Arresting Parents for the Crimes of Children

Bad ParentsThe recent case in which Rebecca Ann Sedwick killed herself after months of relentless bullying, mainly through social media and email, has once again brought forward the idea that parents should be punished for the illegal activity of their children.

The idea has a large emotional appeal because it is easy to blame poor parenting for bad children. Not only is it easy to associate the two but they are, in fact, often causally related. Children raised poorly by their parents often end up behaving in criminal ways.

The question that I intend to explore today is if such punishment is merited. Many experts argue that punishing the parent will do nothing to prevent such bullying but that’s not my focus here. I want to determine if parents should be held responsible for their children’s behavior.

There is some legal precedent for the idea. A number of states place various penalties on parents when their children are found guilty of crimes.

The idea is that parents would fear punishment based on the behavior of their children and thus take steps to curb said actions. If a certain number of parents are arrested for the crimes of their children, other parents will become more involved parents. That, out of fear, they will become better parents.

I’m convinced this argument is, at best, largely false. There are good parents and bad parents. Good parents will look at laws of this nature and possibly spend more time trying to be good parents; but the reality is that they are already good parents and their children are not likely to engage in this sort of bullying. Bad parents are living under the illusion that they are good parents or they simply don’t care. Therefore they will make no effort to change.

However, my main argument against this kind of law is that it punishes someone for a crime they didn’t commit. Yes, they were awful, absent parents but that’s not a crime. Their children committed real crimes and should be punished for doing so.

I think an interesting analogy would be punishing a dog owner for allowing their pet to roam free and defecate on lawns. The dog cannot comprehend the law and simply goes to the bathroom without cleaning up. The owner understands the law and allowed the dog, who doesn’t know any better, to violate the law.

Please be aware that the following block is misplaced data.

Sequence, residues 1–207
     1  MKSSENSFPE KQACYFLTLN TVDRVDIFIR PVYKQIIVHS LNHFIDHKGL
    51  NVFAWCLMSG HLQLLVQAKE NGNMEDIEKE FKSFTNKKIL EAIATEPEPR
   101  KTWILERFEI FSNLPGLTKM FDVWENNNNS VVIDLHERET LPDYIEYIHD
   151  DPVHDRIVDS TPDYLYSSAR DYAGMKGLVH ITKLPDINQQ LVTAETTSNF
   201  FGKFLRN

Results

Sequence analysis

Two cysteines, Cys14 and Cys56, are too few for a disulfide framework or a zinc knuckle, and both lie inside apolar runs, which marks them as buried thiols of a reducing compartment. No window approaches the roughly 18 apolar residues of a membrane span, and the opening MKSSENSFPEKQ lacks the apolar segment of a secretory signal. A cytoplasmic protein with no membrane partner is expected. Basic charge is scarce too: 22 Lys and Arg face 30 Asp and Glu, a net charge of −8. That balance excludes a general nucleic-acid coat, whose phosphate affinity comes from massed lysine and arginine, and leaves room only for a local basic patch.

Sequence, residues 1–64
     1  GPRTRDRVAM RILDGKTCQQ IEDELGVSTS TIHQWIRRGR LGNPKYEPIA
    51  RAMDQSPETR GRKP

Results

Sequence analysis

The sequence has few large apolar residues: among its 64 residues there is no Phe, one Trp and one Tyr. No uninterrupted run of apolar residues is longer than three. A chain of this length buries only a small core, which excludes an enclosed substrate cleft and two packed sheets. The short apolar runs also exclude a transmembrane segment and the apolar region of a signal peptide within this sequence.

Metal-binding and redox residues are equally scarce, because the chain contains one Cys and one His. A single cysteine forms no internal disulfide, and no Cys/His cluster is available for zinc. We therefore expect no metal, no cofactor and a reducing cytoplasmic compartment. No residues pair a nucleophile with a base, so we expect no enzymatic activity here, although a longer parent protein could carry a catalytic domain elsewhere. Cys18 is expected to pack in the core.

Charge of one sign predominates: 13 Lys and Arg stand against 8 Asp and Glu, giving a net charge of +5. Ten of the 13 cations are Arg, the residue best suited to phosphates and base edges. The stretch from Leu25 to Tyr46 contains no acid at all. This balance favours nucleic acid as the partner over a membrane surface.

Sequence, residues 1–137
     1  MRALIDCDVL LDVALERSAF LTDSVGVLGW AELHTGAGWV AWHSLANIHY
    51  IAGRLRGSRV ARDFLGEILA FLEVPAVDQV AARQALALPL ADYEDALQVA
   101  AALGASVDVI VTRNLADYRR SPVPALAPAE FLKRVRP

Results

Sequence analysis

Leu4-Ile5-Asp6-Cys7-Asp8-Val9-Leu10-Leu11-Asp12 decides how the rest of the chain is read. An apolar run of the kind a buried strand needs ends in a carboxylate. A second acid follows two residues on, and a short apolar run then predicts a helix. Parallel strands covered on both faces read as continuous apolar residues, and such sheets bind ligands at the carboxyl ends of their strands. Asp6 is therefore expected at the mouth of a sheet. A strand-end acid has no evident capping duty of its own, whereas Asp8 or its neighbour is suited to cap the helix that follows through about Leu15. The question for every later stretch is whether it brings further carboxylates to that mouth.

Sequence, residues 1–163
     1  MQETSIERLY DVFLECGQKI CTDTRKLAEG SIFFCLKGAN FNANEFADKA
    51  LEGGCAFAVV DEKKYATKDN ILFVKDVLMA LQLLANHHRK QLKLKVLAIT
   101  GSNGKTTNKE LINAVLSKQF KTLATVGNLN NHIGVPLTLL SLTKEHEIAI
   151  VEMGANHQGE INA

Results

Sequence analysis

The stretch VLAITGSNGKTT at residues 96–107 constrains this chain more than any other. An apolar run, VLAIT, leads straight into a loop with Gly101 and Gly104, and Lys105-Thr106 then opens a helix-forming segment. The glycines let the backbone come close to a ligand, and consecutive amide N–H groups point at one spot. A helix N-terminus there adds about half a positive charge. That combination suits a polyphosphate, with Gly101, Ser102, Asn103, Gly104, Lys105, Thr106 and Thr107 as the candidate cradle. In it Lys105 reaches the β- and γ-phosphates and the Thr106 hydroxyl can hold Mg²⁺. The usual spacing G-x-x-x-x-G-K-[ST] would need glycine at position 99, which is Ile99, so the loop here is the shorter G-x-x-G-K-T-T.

Another example that comes to mind is leaving loaded firearms in places where children have access to them. A child shoots another child with said firearm. Parents have been convicted for crimes in these cases. I’m not opposed to convicting the parent of negligence in leaving a dangerous weapon so readily available but that is the crime of the parent. Possibly even convict them of negligent homicide. But the reality is the child pulled the trigger and should face whatever punishment law-enforcement and our judicial system deems appropriate.

I do not think a child is an animal. A child knows better; the sooner they learn there are consequences to their actions the better.

What message are we sending a child by punishing someone else for their crimes? It doesn’t take much of a leap of logic to imagine an angry child committing a crime in order to get their parent punished.

Those girls that bullied their classmate knew what they were doing was cruel and wrong. They should be punished. They should face the full force of the legal system. I have no problem with laws about making threatening statements, about libel, about slander. If the girls in this case have broken those laws then let them face punishment. They are not pets, they are people. Perhaps not adults but old enough to know right from wrong.

Laws must be enforced with blind justice.

In summation; people should be held responsible for their actions and their actions alone.

What do you think?

Tom Liberman
Sword and Sorcery fantasy with a Libertarian Ideology
Current Release: The Sword of Water ($2.99 for a full length novel)
Next Release: The Spear of the Hunt (Out very soon!)